Marin Science Seminar Presentation: "" (November 10, 2010) Get the flyer here.
Physics for future Presidents? Yes, that is a serious title. Energy, global warming, terrorism and counter-terrorism, nukes, cancer, internet, satellites, remote sensing, ICBMs and ABMs, DVDs and HDTVs -- economic and political issues increasingly have a strong high tech content. Misjudge the science, make a wrong decision. Yet many of our leaders never studied physics, and do not understand science and technology. Physics is the liberal arts of high technology. Understand physics, and never again be intimidated by technological advances. Our leaders, and our citizens must understand these topics. Physics is not math, and when taught with that in mind, it becomes accessible, useful, and empowering to people who were previously intimidated. But rather than talk about this approach, I will demonstrate it -- giving you a quick course in what you need to know about the physics of terrorism, nukes, alternative energy, and global warming.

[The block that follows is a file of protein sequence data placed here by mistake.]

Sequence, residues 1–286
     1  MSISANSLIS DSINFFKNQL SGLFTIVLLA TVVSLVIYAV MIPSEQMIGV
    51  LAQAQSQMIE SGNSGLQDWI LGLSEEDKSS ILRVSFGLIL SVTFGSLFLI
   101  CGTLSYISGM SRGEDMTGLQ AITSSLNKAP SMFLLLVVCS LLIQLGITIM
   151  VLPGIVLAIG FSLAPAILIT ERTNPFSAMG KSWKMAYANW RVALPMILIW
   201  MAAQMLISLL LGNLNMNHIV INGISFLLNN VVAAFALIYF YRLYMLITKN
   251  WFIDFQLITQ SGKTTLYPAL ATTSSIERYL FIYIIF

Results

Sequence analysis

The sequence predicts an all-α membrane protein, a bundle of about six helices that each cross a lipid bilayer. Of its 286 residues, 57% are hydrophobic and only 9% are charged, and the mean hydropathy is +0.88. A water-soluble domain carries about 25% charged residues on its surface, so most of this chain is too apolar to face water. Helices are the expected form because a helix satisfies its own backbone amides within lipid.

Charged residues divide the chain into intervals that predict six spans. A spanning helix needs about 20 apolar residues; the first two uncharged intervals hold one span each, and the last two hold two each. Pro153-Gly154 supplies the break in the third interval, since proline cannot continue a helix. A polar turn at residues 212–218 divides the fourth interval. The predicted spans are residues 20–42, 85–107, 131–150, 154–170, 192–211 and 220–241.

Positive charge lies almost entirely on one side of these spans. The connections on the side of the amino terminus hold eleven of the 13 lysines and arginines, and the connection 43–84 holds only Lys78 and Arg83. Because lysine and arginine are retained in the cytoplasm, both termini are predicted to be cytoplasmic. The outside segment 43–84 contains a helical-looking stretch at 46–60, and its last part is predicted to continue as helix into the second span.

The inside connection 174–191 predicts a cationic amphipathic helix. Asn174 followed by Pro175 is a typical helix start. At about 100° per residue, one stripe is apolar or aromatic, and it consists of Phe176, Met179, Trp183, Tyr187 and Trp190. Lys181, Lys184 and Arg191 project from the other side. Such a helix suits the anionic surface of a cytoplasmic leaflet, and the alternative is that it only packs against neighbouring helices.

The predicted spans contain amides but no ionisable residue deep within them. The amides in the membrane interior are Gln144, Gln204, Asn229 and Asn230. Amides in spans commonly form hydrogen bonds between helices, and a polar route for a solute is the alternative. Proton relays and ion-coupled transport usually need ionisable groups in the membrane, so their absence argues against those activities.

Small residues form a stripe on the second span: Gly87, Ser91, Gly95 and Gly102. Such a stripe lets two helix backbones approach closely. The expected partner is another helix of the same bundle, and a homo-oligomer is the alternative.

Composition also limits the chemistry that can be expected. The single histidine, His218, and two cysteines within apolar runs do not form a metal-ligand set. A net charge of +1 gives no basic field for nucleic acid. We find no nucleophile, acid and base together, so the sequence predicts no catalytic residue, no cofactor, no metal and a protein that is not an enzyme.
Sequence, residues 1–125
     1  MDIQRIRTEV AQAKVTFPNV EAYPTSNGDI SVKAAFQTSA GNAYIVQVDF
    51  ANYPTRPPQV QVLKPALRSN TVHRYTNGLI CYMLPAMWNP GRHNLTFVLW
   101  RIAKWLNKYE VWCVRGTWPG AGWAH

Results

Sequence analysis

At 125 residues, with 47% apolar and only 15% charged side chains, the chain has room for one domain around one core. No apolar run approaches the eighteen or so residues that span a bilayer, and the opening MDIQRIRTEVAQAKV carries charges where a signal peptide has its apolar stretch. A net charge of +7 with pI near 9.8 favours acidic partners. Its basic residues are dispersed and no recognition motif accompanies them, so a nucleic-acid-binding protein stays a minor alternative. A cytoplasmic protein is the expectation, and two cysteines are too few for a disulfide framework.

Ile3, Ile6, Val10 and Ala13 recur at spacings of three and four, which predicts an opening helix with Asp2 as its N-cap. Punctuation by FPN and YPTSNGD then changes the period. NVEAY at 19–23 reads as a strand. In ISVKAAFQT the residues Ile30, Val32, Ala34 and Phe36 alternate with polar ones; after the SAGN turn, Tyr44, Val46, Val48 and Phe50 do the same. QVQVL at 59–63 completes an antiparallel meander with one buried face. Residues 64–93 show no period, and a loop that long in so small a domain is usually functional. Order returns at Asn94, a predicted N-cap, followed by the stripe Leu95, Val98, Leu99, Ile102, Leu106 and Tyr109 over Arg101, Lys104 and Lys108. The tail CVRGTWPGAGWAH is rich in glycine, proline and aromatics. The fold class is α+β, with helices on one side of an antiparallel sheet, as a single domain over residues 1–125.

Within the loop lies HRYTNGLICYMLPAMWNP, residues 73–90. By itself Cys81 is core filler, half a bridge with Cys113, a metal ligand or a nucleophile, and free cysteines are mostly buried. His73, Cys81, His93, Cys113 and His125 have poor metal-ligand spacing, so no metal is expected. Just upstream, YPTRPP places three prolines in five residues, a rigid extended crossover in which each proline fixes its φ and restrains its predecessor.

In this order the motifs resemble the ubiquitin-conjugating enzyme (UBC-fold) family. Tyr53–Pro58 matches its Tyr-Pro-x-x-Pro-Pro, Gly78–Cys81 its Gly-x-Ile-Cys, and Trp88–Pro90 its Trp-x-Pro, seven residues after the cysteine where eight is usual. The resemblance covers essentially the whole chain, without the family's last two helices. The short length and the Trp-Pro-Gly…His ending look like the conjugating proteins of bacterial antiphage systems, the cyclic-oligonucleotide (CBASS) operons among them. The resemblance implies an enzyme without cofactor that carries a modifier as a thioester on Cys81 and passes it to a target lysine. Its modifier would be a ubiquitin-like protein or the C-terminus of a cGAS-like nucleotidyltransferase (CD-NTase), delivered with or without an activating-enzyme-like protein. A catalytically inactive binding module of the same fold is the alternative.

Richard Muller is Professor of Physics at the University of California, Berkeley and Faculty Senior Scientist at Lawrence Berkeley National Laboratory. He began his career as a graduate student under Nobel laureate Luis Alvarez doing particle physics experiments and working with bubble chambers. During his early years he also created accelerator mass spectroscopy and made some of the first measurements of anisotropy in the cosmic microwave background. Subsequently, Muller branched out into the Earth sciences. His work has included attempting to understand the ice ages, dynamics at the core-mantle boundary, patterns of extinction and biodiversity through time, and the processes associated with impact cratering. One of his most well known proposals is the Nemesis hypothesis suggesting that the sun could have an as yet undetected companion star, whose perturbations of the Oort cloud and subsequent effects on the flux of comets entering the inner solar system could explain an apparent 26 million year periodicity in extinction events.